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BBC, Broadcast 6 June 2003

On the adoption by the Duma of Act Amnesty for Chechnya

The transcript was granted by the BBC service

The Russian parliament has passed an Act of Amnesty for Chechen rebels and federal troops engaged in a nine-year conflict in Chechnya. President Putin, who introduced the bill, is hoping it will improve chances of a political settlement of the conflict. But critics say the amnesty is severely limited in its scope. Only those Chechens who are not implicated in crimes such as murder, kidnap, or rape may be pardoned. But first they must surrender and wait for the outcome of an investigation of their past. Given the nature of the Chechen conflict questions are being asked if this amnesty will have any real impact on the Chechen settlement. From Moscow Nikolai Gorshkov reports.

(Sound clip of TV News):

Reporter: Another TV bulletin, another grim report about a suicide bombing in the Caucasus. This time it's not even in Chechnya, but in neighbouring North Ossetia. The referendum held in March on Chechen autonomy was meant to stop the bloodshed, but since then a hundred people have been killed in suicide bombings, many of them civilians. Now, the Kremlin is pinning its hopes on the amnesty. Alexander Machevsky, from President Putin's information office on Chechnya explains who may be able to take advantage of it:

"We have people who are fighting against federal forces and believe in independence for Chechnya, and those people who are simply taken by the force of religious beliefs and think that they are fighting for the great Islamic Caliphate: These two groups, those that didn't commit, for example, kidnapping, those people who weren't cutting heads off people, those who were not killing civilians, were not committing crimes against the civilian population and those who do not represent international terrorist organisations, those people have a chance".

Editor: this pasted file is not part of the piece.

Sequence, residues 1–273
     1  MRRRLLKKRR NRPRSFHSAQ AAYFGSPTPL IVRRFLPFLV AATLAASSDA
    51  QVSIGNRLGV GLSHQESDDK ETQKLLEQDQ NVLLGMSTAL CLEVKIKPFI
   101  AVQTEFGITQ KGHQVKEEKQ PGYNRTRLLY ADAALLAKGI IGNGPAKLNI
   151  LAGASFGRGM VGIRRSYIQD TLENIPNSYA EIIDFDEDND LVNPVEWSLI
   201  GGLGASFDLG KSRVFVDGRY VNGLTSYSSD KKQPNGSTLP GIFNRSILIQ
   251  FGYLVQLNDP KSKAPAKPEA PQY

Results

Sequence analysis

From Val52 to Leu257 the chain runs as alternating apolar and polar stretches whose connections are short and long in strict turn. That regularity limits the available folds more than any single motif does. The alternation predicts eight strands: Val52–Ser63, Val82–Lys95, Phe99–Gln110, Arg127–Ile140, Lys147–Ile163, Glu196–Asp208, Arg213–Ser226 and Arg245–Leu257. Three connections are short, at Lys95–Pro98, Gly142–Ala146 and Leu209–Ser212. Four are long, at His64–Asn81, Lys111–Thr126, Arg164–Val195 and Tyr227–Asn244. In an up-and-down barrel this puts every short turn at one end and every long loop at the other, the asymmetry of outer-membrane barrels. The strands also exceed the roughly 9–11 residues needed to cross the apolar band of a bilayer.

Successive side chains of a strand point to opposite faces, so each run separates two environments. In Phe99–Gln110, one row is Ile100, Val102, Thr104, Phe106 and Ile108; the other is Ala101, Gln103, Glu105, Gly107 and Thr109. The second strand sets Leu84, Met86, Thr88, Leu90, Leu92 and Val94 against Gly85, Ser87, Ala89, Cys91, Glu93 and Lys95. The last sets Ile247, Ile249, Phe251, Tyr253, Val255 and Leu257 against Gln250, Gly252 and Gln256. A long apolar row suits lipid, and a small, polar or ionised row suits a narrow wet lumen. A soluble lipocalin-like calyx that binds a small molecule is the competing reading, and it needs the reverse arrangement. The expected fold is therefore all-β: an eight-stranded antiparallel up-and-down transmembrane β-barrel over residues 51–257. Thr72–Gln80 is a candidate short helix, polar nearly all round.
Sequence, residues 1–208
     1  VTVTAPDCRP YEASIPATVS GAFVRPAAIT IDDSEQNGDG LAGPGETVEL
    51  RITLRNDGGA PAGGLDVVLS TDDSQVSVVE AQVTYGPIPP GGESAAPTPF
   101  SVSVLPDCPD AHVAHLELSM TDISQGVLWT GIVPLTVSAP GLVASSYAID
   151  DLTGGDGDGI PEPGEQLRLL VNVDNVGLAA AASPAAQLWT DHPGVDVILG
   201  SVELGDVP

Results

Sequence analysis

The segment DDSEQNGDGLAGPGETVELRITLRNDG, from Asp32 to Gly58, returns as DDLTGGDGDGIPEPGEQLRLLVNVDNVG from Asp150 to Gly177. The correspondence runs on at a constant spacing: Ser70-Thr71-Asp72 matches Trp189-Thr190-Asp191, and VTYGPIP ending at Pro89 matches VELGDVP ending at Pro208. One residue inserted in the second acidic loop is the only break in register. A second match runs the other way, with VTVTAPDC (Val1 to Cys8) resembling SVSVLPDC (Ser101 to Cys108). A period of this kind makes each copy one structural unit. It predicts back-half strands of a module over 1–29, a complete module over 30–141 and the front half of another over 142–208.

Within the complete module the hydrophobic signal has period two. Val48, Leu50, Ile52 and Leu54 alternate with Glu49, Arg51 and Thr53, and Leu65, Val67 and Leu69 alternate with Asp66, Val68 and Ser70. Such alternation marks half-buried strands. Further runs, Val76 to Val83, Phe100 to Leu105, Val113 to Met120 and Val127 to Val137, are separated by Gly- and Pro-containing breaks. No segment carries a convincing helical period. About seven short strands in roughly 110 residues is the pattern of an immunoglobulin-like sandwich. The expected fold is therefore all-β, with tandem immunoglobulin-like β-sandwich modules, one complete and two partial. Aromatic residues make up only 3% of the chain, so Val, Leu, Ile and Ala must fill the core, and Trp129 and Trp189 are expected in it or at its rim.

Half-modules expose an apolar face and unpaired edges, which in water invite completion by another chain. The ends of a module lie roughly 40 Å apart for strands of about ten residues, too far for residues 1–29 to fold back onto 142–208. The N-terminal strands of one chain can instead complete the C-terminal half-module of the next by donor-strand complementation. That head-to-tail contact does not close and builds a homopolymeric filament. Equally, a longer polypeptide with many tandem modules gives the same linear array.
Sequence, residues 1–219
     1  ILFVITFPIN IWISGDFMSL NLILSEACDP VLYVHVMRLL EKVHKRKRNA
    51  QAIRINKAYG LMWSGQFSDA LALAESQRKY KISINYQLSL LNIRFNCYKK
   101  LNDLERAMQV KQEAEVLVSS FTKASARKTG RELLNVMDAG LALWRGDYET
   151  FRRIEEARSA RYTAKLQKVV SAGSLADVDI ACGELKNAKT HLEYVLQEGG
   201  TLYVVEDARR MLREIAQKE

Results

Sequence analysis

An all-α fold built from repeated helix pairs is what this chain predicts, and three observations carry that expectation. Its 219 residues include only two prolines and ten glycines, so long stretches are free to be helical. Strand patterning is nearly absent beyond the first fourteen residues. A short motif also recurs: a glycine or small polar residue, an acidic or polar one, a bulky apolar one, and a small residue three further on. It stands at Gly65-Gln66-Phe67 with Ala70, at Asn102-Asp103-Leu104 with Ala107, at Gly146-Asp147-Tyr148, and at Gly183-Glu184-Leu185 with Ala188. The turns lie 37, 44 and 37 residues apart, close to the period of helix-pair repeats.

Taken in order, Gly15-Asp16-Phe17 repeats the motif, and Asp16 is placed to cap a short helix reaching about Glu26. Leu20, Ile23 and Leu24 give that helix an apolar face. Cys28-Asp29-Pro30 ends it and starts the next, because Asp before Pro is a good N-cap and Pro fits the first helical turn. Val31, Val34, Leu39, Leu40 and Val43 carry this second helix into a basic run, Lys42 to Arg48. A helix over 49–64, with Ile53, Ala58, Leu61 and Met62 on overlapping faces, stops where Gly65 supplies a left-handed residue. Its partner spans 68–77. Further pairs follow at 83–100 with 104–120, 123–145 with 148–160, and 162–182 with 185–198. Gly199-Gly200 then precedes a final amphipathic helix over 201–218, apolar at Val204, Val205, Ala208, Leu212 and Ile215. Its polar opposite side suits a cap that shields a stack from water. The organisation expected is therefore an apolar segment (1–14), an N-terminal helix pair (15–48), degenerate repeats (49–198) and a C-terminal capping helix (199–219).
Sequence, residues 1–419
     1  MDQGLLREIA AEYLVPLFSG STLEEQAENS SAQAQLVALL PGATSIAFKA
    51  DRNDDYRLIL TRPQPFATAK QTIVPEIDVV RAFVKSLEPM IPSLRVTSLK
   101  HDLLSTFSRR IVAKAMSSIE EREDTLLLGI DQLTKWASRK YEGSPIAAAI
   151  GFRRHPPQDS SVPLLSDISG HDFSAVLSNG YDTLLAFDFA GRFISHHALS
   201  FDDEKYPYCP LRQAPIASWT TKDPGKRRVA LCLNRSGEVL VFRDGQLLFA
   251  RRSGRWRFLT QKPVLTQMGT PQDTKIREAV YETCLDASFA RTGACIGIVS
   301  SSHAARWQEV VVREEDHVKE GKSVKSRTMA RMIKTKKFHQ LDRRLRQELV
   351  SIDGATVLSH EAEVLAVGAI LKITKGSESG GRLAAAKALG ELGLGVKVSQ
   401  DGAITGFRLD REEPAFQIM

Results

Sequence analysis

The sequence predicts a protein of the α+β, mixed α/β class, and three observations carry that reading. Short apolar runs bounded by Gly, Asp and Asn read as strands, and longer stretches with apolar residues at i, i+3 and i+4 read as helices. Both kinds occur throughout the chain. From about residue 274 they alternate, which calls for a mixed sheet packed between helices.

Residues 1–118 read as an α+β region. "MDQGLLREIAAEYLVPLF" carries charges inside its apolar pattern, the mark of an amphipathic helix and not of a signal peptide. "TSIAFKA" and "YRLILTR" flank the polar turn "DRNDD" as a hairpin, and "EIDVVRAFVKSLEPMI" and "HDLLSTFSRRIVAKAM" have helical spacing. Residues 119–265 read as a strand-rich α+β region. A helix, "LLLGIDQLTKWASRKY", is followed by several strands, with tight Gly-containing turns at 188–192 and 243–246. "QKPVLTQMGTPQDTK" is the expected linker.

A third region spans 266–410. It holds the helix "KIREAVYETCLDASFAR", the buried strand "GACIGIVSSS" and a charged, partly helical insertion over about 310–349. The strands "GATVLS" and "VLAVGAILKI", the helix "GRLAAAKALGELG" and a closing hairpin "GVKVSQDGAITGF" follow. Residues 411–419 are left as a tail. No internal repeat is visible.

Reporter: Critics say the amnesty's scope is severely limited, as it does not cover the most hardened fighters whose goodwill is essential if there is to be any reconciliation in Chechnya. Gumki Gudiev was elected to the pre-war Chechen parliament in 1997 when Chechnya was all but independent, with its own President Aslan Maskhadov, now one of the rebel leaders. Mr Gudiev wants reconciliation, but is sceptical of what the amnesty can achieve.

"We don't believe that an amnesty or any other isolated gesture could solve the Chechen conflict. We need a whole set of measures to address the problem. Above all, we need peace talks with those rebels who are ready and willing to talk. We believe that first of all talks should be held with the Chechen president Maskhadov. Then an amnesty will make sense. Otherwise, it will have very limited impact, if at all."

Reporter: Although the Russian parliament has approved the amnesty law overwhelmingly, there were deputies who did not take part in the vote at all, among them the liberal Yabloko faction of the Duma. I'm going to the Russian Parliament right now to ask one of its members, Sergei Mitrokhin, why he did not take part in the vote:

"The amnesty would be positive if it would mean to consolidate their success in negotiations or in other steps to stability but now a days we have no stability where amnesty is nonsence."

Reporter: Most Russian parliamentarians though are upbeat about the likely impact of the amnesty. However they admit it's just a step in the chain of measures to be taken. Pavel Krasheninnikov, the chairman of the Duma's legislative committee says the government must now make up for the lost opportunities of the past by negotiating the division of powers between Moscow and Chechnya.

"Unfortunately we didn't do it earlier, we could have done it before the outbreak of hostilities, then many of the present-day problems could have been avoided"

Reporter: Quite a confession from a Russian politician... Does it mean, though, that Moscow might soon be ready and talk to those Chechen leaders who were elected before the war, and then were forced into the mountains? The Kremlin rejects this possibility out of hand. Moreover the rebels' leader Aslan Maskhadov, who had previously had urged the Russian government to negotiate with him, has now said he will no longer seek talks with Moscow, sending the ball back into the Kremlin's court.


See also:

BBC at http://news.bbc.co.uk/2/hi/europe/default.stm

War in Chechnya

BBC, Broadcast 6 June 2003

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